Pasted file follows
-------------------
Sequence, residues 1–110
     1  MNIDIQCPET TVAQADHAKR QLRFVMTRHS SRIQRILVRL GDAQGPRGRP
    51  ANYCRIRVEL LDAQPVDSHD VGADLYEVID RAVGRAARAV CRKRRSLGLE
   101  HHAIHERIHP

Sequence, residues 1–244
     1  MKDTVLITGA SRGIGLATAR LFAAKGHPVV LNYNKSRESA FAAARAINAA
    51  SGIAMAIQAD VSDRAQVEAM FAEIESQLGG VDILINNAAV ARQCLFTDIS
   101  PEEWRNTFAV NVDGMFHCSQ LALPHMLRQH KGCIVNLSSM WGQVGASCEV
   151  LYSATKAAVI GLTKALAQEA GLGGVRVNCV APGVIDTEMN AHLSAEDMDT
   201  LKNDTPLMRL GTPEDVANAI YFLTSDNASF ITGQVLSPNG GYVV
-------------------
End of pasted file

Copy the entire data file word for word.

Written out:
Sequence, residues 1–110
     1  MNIDIQCPET TVAQADHAKR QLRFVMTRHS SRIQRILVRL GDAQGPRGRP
    51  ANYCRIRVEL LDAQPVDSHD VGADLYEVID RAVGRAARAV CRKRRSLGLE
   101  HHAIHERIHP

Sequence, residues 1–244
     1  MKDTVLITGA SRGIGLATAR LFAAKGHPVV LNYNKSRESA FAAARAINAA
    51  SGIAMAIQAD VSDRAQVEAM FAEIESQLGG VDILINNAAV ARQCLFTDIS
   101  PEEWRNTFAV NVDGMFHCSQ LALPHMLRQH KGCIVNLSSM WGQVGASCEV
   151  LYSATKAAVI GLTKALAQEA GLGGVRVNCV APGVIDTEMN AHLSAEDMDT
   201  LKNDTPLMRL GTPEDVANAI YFLTSDNASF ITGQVLSPNG GYVV